Despite all advantages associated with high-energy radiotherapy to improve therapeutic gain, the production of photoneutron via interaction of high-energy photons with high atomic number (Z) materials increases undesired dose to the patient and staff. Owing to the limitation and complication of experimental neutron dosimetry in mixed beam environment, including photon and neutron, the Monte Carlo (MC) simulation is a gold standard method for calculation of photoneutron contaminations. On the other hand, the complexity of treatment head makes the MC simulation more difficult and time-consuming. In this study, the possibility of using a simplified MC model for the simulation of treatment head has been investigated using MCNP4C general purpose MC code. As a part of comparative assessment strategy, the fluence, average energy and dose equivalent of photoneutrons were estimated and compared with other studies for several fields and energies at different points in treatment room and maze. The mean energy of photoneutrons was 0.17, 0.19 and 0.2 MeV at the patient plan for 10, 15 and 18 MeV, respectively. The calculated values differed, respectively, by a factor of 1.4, 0.7 and 0.61 compared with the reported measured data for 10, 15 and 18 MeV. Our simulation results in the maze showed that the neutron dose equivalent is attenuated by a factor of 10 for every 4.6 m of maze length while the related factor from Kersey analytical method is 5 m. The neutron dose equivalent was 4.1 mSv Gy(-1) at the isocentre and decreased to 0.79 mSv Gy(-1) at a distance of 100 cm away from the isocentre for 40 x 40 cm(2). There is good agreement between the data calculated using simplified model in this study and measurements. Considering the reported high uncertainties (up to 50%) in experimental neutron dosimetry, it can be concluded that the simplified model can be used as a useful tool for estimation of photoneutron contamination associated with high-energy photon radiotherapy. PMID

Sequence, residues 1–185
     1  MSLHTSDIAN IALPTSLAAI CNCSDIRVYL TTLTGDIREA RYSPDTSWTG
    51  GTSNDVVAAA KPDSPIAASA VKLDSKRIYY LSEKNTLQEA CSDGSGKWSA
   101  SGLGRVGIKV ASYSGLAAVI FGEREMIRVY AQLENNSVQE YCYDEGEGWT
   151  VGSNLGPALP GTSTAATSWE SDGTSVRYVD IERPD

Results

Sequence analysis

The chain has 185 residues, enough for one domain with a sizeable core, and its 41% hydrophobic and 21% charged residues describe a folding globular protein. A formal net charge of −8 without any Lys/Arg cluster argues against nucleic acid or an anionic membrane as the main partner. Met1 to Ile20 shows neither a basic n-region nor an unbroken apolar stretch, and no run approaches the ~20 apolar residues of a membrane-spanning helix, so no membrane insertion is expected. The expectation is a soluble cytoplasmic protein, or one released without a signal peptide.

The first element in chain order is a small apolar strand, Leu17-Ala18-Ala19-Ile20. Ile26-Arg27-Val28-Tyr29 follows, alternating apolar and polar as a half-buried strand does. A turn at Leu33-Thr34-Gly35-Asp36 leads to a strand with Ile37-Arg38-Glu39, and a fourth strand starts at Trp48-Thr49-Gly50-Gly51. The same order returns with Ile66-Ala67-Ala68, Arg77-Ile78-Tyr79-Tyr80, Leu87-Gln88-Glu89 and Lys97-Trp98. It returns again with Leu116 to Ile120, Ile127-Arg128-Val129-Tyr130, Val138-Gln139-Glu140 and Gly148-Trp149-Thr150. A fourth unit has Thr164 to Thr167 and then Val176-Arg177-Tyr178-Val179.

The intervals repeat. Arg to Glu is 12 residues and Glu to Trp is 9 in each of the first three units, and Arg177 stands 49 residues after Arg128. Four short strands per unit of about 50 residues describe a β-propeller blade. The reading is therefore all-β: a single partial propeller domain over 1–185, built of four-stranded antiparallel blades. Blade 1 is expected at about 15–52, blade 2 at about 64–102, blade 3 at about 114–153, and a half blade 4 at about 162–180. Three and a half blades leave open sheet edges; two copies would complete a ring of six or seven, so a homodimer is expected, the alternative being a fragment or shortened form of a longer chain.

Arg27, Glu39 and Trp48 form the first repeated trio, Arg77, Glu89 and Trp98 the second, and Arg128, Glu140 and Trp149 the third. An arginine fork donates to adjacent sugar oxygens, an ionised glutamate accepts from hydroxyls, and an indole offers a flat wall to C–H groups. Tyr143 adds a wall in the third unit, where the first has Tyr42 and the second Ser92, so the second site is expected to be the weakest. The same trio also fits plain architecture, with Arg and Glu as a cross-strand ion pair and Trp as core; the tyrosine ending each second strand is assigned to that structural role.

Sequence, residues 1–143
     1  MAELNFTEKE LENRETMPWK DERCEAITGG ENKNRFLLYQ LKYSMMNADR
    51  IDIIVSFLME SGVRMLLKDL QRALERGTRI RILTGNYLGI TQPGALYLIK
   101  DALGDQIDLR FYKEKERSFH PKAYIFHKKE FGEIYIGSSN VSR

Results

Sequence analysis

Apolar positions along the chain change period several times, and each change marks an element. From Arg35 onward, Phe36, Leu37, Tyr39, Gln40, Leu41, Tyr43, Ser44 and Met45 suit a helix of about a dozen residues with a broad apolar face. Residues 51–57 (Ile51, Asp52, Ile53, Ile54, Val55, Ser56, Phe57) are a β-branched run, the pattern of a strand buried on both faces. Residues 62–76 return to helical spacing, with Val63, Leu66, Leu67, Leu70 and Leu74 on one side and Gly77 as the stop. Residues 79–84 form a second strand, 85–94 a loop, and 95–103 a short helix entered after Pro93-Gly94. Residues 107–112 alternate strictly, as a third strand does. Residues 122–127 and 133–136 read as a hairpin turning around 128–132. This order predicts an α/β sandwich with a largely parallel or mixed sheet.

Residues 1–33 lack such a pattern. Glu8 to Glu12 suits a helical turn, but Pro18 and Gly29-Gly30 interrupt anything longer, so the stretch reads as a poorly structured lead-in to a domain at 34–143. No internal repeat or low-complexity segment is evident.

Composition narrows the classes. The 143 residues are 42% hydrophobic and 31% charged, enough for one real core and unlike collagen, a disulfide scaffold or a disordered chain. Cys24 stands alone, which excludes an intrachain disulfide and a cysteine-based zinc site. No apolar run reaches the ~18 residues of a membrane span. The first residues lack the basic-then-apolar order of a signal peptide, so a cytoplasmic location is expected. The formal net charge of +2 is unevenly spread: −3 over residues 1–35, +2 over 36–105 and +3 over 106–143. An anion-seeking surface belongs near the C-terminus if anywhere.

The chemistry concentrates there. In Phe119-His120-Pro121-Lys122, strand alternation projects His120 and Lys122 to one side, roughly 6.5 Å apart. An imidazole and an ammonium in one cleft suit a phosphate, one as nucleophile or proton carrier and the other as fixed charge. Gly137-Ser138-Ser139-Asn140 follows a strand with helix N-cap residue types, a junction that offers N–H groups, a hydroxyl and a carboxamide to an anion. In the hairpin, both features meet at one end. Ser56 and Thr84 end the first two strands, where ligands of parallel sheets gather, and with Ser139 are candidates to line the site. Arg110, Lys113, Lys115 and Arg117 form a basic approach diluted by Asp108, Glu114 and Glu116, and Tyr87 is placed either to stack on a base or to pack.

5. Dosimetric study of 2D ion chamber array matrix for the modern radiotherapy treatment verification.

    PubMed

    Saminathan, Sathiyan; Manickam, Ravikumar; Chandraraj, Varatharaj; Supe, Sanjay S

    2010-01-01